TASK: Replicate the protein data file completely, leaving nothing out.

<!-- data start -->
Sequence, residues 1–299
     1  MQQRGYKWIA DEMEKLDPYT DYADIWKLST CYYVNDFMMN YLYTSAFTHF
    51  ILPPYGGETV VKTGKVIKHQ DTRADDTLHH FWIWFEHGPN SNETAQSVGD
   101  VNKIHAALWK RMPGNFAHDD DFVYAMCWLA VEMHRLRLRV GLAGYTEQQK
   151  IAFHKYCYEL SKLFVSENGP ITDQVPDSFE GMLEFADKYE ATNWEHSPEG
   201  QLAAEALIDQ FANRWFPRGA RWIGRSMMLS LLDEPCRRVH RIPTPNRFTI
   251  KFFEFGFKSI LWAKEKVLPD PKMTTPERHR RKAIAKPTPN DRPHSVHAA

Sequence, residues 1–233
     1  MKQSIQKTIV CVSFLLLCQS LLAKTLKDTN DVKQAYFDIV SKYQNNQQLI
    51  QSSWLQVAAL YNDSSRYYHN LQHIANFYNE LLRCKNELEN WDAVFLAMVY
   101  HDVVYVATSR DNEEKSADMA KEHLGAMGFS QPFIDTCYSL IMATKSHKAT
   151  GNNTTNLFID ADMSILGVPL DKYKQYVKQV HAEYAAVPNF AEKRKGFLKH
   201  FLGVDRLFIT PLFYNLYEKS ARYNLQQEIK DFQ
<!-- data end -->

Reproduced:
Sequence, residues 1–299
     1  MQQRGYKWIA DEMEKLDPYT DYADIWKLST CYYVNDFMMN YLYTSAFTHF
    51  ILPPYGGETV VKTGKVIKHQ DTRADDTLHH FWIWFEHGPN SNETAQSVGD
   101  VNKIHAALWK RMPGNFAHDD DFVYAMCWLA VEMHRLRLRV GLAGYTEQQK
   151  IAFHKYCYEL SKLFVSENGP ITDQVPDSFE GMLEFADKYE ATNWEHSPEG
   201  QLAAEALIDQ FANRWFPRGA RWIGRSMMLS LLDEPCRRVH RIPTPNRFTI
   251  KFFEFGFKSI LWAKEKVLPD PKMTTPERHR RKAIAKPTPN DRPHSVHAA

Sequence, residues 1–233
     1  MKQSIQKTIV CVSFLLLCQS LLAKTLKDTN DVKQAYFDIV SKYQNNQQLI
    51  QSSWLQVAAL YNDSSRYYHN LQHIANFYNE LLRCKNELEN WDAVFLAMVY
   101  HDVVYVATSR DNEEKSADMA KEHLGAMGFS QPFIDTCYSL IMATKSHKAT
   151  GNNTTNLFID ADMSILGVPL DKYKQYVKQV HAEYAAVPNF AEKRKGFLKH
   201  FLGVDRLFIT PLFYNLYEKS ARYNLQQEIK DFQ